What to do in the Garden: June

It is June! The start of summer!  Except the weather here in Santa Rosa has made me feel it is more like November, and I’m sure I’m not alone in finding it hard to be motivated. I think my garden feels the same way. It seems like my peppers and tomatoes are frozen in time, and firmly standing still until the weather gets warmer.  The sunflowers or zinnias have yet to bloom, leaving my garden void of color.  Thankfully, the dreary weather has made it possible to stretch the time between watering. I have hopes that summer will come through soon, and I’ll be motivated to do this month’s gardening tasks.

Northern California Gardening Checklist: June

  • Plant! We still have time to put in a summer garden or plant another round in your current one, but now is about your last chance. From seed, plant beans, carrots, squash and radishes. From starts bought at the nursery, transplant corn, cucumbers, eggplants, melons, peppers and tomatoes. Look for varieties that will be ripe 150 days or soon, which is about what we have left until the first projected frost of fall.
  • Protect ripening fruit from birds by covering trees and bushes with netting, or try hanging old cds or other shiny things. A popular method in my neighborhood is to attach streamers made from plastic sheeting to the top of a very high pole. It seems to work well to scare off the birds, but only if there is a breeze blowing.
streamers flying above the neighbor's cherry tree
streamers flying above the neighbor’s cherry tree
  • If you notice the leaves on your plant are yellow with green veins, it likely has cholrosis, which is an iron deficiency. Common in citrus, azaleas, rhododendron and jasmine, my tomatillos also seem to be suffering. Apply chelated iron.

    possible iron deficiency in my tomatillos
    possible iron deficiency in my tomatillos
  • If you have uncovered south or west facing windows, move away any houseplants to prevent sunburn.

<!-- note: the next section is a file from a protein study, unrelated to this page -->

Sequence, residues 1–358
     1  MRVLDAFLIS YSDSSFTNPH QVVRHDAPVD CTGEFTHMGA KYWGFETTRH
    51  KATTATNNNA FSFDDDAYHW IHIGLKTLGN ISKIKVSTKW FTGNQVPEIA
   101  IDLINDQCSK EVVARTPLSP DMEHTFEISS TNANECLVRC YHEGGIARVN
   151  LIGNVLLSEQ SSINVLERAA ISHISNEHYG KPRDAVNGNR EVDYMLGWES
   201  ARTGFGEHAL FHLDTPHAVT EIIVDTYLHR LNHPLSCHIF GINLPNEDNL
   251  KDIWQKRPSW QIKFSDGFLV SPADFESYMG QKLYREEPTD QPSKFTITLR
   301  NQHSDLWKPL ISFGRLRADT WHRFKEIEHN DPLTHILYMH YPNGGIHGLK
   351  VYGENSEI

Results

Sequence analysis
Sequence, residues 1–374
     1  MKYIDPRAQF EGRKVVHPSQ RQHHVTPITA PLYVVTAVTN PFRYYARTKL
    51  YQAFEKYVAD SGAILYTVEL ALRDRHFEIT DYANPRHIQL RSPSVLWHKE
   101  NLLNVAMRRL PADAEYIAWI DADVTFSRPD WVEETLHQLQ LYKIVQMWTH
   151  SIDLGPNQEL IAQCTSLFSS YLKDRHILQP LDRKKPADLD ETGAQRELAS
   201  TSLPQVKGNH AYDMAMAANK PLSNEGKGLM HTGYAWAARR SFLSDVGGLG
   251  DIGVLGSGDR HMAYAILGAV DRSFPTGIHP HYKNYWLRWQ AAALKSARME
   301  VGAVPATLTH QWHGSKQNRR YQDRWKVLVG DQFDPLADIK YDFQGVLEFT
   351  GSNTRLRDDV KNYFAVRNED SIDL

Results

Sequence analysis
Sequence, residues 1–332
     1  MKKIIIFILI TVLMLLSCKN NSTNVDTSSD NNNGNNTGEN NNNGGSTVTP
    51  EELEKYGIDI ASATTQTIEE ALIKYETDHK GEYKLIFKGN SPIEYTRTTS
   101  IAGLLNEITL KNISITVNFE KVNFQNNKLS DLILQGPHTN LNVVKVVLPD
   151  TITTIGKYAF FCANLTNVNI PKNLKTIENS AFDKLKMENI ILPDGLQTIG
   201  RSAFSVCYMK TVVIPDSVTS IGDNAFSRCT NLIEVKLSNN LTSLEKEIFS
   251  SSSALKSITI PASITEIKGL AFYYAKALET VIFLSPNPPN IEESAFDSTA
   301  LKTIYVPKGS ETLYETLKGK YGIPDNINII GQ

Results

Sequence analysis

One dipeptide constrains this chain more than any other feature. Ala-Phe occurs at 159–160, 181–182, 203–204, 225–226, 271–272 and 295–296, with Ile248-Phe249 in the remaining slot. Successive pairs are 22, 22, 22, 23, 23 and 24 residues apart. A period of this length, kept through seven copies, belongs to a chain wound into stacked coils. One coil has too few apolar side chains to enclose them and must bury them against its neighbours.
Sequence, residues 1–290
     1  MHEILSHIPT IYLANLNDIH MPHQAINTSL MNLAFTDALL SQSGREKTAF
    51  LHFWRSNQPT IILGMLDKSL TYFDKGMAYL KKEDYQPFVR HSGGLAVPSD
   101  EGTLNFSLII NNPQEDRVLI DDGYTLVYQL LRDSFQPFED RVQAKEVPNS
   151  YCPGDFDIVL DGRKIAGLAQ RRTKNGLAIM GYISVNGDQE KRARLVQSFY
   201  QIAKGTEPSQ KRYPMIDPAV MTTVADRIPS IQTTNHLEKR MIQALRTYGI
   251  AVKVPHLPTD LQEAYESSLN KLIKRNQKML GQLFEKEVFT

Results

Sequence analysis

• Feed roses.
  • Keep downy mildew in check. This common plant fungal disease found on plants in the shade or caused by wet, damp weather can be controlled by spraying leaves with neem oil. One of my gardening books suggests a homemade brew of 1 tablespoon baking soda, 2 1/2 tablespoon veggie oil, 1 teaspoon liquid soap, and 1 gallon of water.
My Lady Banks rose has signs of powdery mildew, likely because I planted it in a poor location and it needs more sun.
My Lady Banks rose has signs of powdery mildew, likely because I planted it in a poor location and it needs more sun.
  • Pinch off flowers from basil and other herbs to promote more growth.
  • Keep an eye on growing plants and stake, tie or otherwise direct on trellises to keep order (and pathways clear) in the garden.
  • Weed. If you don’t have time to dig up the whole plant, at least pull off the flowers so they can’t set seed. I’m on the constant battle to control bindweed in my yard, so I pull off any of the white morning-glory like flowers that I see.

    my nemesis: bindweed
    my nemesis: bindweed
  • For summer color, plant drought tolerant plants like gaillardia, lions tail, penstemon, salvias and yarrow.
  • Harvest garlic. If you fall planted, your garlic is likely ready. If you haven’t stopped watering, now is the time. I’ll be doing a post later in the month on harvesting and storing garlic, but here’s a quick summary: when the tops are about half dead, stop watering for about a week, and then dig up. Resist the urge to pull up plants by the stalk, instead lift out with a spade or a fork. Brush off any surface dirt, but don’t wash and don’t cut the tops off. Leave in a dry, shady area for about a month to dry and cure.
  • garlic ready to pickHarvest potatoes. If you planted in February or March, your potatoes are likely ready. If the plant is flowering, you can dig up “new” potatoes, which are eaten fresh and not stored. Once the plants start dying back, hold off on watering and harvest about a week or 2 later.
  • Watch summer squash closely. Don’t be a victim of the dreaded baseball bat zucchini, and check your plants frequently to see if you have fruit of harvestable size. Look under leaves and thoroughly inspect the plant. It seems like a joke, but I check in the morning and the evening, as they have the capability to double in size overnight, and they must be shy because they like to hide out of sight. I like to pick mine around 6-8″.

harvestable zucchini  And don’t forget to enjoy outside! We see the longest amount of sunlight this month, so make sure to take advantage!

There shall be eternal summer in the grateful heart. ~Celia Thaxter

what to do in the garden in June